Calderon v. Dispatch Trucking Co.

CourtCalifornia Court of Appeals
Writing for the CourtFOURT; WOOD, P.J., and LILLIE
Citation268 Cal.App.2d 217,73 Cal.Rptr. 851
PartiesAdolfo S. CALDERON, Plaintiff and Appellant, v. DISPATCH TRUCKING CO., Inc., a corporation, et al., Defendants and Respondents. Civ. 32322.
Decision Date16 December 1968

Page 851

73 Cal.Rptr. 851
268 Cal.App.2d 217
Adolfo S. CALDERON, Plaintiff and Appellant,
DISPATCH TRUCKING CO., Inc., a corporation, et al., Defendants and Respondents.
Civ. 32322.
Court of Appeal, Second District, Division 1, California.
Dec. 16, 1968.

Page 852

[268 Cal.App.2d 218] J. B. Mandel, Los Angeles, for plaintiff and appellant.

McBain & Morgan, Angus C. McBain and Elmer O. Docken, Los Angeles, for defendants and respondents.

FOURT, Associate Justice.

This is an appeal from a judgment of non-suit in a personal injury damage action and an attempted appeal from an order denying a motion for a new trial.

Plaintiff brought the action September 25, 1962, in Los Angeles against Los Angeles County and the respondent herein. In the complaint plaintiff alleged generally that Figueroa and Temple Streets in Los Angeles are public streets, that on September 26, 1961, he was an occupant in an ambulance owned by Los Angeles County and operated by an employee of the county, 'travelling in a northerly direction on Figueroa Street, near the intersection with Temple Street.' that 'defendants JOHN DOE I and JOHN DOE II operating a truck owned by the defendant Dispatch Trucking Co., in a southerly direction on said Figueroa Street, caused certain injuries to the plaintiff * * *' (At the time of trial plaintiff moved to interlineate the complaint to show that the ambulance was traveling 'in a southerly direction, not northerly'--the court granted the motion.) It was alleged that the Does were the agents, servants and employees of the Dispatch Trucking Company and were in the course of their employment at the time of the accident, that defendants negligently drove and operated the vehicles so as to cause them to collide and that plaintiff was injured. He sought general and special damages. At the time of trial plaintiff moved to dismiss as against the County of Los Angeles and an order of dismissal was signed and filed. A jury was selected and evidence was taken. Because of the nature of the case we deem it proper to make a rather extensive statement of the facts as evidenced by the testimony of the witnesses. Cecil Palmiter testified that he at the time and place in question was driving an ambulance for the County of Los Angeles and was taking some out-patients (among them the plaintiff) to their respective homes, that the ambulance was being driven south on Figueroa Street near the intersection of Figueroa Street with Temple Street, that Temple Street goes over Figueroa Street where the streets intersect and on Figueroa Street there is a high wall [268 Cal.App.2d 219] along the on-ramp '* * * so that you can't see anything coming down that on-ramp, and as we got down to the end of that ramp * * * then I saw this truck alongside of me. On the left side of me there was a car so there was no place for me to go there and I seen he was getting closer to me and I braked to get over behind this other car, but as I started to move in behind this other car, truck, the trailer of the truck struck the right rear corner of the ambulance * * *' Palmiter stated that the vehicle which had struck the ambulance was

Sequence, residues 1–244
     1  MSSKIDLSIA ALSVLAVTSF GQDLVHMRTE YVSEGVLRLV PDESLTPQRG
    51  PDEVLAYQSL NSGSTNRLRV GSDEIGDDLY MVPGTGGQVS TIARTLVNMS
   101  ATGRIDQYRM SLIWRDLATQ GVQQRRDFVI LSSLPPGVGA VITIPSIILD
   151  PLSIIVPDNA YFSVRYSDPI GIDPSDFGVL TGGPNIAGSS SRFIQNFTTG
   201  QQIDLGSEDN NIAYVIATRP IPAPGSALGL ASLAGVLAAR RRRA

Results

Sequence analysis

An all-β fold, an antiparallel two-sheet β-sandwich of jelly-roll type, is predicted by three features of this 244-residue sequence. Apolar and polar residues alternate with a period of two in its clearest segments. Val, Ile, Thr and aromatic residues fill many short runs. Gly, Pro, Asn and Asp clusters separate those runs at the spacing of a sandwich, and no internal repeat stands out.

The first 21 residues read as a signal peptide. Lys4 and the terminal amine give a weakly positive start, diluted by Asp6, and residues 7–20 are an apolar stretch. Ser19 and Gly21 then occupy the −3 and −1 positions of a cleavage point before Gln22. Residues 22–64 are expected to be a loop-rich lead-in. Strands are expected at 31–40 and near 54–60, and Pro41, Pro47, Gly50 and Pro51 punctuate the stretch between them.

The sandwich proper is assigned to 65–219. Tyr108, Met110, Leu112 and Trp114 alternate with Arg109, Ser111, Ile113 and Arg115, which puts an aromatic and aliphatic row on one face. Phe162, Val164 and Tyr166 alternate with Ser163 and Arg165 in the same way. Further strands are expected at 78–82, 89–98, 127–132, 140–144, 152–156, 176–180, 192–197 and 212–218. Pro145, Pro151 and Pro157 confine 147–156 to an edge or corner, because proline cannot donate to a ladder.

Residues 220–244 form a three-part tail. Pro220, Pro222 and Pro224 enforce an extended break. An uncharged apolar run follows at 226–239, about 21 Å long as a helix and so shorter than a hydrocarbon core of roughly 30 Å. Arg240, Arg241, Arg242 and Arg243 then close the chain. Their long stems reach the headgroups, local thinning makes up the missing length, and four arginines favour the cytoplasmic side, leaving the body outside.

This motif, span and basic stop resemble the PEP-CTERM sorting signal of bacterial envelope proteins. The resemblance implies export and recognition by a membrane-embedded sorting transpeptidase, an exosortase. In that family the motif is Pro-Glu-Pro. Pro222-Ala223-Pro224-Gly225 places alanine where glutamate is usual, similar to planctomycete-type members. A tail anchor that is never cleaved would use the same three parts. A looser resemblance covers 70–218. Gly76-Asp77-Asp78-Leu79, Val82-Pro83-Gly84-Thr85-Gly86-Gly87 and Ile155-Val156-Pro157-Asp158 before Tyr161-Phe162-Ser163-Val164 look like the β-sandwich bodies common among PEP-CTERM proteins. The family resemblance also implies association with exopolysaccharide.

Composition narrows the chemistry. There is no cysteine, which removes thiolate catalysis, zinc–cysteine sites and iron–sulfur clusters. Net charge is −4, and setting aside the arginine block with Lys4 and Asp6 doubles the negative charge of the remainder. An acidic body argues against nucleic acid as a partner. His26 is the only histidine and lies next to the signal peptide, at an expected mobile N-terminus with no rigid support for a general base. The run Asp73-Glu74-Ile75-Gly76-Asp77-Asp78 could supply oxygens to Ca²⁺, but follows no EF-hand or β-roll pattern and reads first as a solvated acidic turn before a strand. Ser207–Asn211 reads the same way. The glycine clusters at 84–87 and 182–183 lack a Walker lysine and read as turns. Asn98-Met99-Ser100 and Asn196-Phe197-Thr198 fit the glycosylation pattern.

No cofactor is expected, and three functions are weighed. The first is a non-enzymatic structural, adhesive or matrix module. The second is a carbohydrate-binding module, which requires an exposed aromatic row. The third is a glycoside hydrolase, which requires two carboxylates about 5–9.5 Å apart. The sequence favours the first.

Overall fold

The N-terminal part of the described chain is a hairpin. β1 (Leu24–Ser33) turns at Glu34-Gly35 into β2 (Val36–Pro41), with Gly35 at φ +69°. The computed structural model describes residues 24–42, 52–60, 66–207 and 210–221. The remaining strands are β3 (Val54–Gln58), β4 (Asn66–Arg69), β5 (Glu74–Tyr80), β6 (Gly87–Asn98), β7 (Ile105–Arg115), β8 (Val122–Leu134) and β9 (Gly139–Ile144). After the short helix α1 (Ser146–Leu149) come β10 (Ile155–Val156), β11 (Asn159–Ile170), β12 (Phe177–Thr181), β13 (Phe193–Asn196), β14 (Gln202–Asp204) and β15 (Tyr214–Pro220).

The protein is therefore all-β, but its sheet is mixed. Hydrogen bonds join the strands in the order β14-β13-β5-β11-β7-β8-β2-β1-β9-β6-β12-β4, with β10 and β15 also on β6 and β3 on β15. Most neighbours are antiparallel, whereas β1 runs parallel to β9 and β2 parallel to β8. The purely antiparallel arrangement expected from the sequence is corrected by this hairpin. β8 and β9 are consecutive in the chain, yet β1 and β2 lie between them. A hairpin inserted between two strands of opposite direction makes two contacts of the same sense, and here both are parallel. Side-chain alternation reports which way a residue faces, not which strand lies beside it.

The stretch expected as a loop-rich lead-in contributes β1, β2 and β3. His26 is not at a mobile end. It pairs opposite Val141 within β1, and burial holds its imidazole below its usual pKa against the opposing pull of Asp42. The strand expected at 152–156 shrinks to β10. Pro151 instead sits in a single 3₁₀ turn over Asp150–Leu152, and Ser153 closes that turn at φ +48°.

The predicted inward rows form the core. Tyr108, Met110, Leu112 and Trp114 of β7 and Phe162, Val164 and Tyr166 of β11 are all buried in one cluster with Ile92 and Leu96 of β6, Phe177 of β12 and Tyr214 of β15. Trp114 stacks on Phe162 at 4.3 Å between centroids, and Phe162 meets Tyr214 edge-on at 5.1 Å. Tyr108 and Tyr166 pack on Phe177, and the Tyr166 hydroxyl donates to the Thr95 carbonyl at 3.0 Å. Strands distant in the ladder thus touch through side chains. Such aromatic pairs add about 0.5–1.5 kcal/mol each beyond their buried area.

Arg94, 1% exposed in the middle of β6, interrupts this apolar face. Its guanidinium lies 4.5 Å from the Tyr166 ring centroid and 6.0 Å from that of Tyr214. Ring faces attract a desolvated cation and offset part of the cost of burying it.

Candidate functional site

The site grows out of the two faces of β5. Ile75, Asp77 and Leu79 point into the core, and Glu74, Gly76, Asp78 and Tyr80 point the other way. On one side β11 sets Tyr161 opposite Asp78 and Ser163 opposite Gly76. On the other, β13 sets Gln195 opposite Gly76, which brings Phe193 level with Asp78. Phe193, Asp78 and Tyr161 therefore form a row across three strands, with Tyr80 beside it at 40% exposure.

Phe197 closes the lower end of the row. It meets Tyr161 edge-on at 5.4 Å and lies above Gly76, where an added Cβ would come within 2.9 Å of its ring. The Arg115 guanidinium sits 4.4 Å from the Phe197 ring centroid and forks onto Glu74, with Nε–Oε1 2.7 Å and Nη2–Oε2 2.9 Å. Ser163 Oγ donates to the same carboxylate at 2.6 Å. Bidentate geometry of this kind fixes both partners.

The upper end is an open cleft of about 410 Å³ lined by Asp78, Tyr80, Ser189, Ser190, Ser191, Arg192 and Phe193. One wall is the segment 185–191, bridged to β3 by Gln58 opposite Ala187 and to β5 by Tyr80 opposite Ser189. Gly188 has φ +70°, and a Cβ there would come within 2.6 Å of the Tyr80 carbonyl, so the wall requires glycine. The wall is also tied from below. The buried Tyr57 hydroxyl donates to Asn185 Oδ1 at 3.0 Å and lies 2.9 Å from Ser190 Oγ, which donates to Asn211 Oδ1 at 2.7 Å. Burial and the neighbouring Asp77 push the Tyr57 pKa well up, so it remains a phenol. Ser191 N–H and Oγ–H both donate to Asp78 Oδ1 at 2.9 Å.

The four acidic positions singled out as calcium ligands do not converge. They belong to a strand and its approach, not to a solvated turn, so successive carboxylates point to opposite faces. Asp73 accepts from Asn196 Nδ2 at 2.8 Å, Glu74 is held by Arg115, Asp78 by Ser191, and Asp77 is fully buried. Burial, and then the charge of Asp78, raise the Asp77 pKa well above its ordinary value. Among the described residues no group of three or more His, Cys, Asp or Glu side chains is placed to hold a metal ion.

Page 853

of light green color, gondola type which unloaded from the bottom. He further described the vehicle and said that it 'was a truck, two trailers, two semis' with a load of dirt, and, 'There was no name or no number that I could see.' He further stated that the vehicle continued on and failed to stop. Palmiter testified that he then drove the ambulance onto the right side of the road, checked the patients, called his dispatcher and told the dispatcher where the trucks were coming from, '* * * right over in this area where the medical or musical center was being built, * * *' The dispatcher told the ambulance driver 'not spend too much time, but to go over and see if I could find out what truck it was.' Palmiter stated, 'There were trucks coming in and out of there, oh, every few minutes. As soon as they could get one loaded, it would leave and another one would come. * * * They were. They all looked alike. The trailer, the tractors were individual tractors.' The trucks, all similar in color and characteristics, were carrying dirt from the Music Center area. The witness remained in the area for a short period and then went back to the hospital with the patients to have then checked over. The accident was at about 3 p.m. The witness was asked by counsel for plaintiff, 'Did you ever have an opportunity to talk to the driver of the other vehicle?' and Palmiter answered, 'I wouldn't know who the driver was.' He...

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1 cases
  • Myles v. County of Los Angeles, B198174 (Cal. App. 12/10/2008), B198174
    • United States
    • California Court of Appeals
    • December 10, 2008
    ...of liability against the County. The circumstances here are remarkably similar to those in Calderon v. Dispatch Trucking Co. (1968) 268 Cal.App.2d 217. There, the plaintiff was a passenger in an ambulance which was hit by a truck. Both the plaintiff and the ambulance driver testified at tri......

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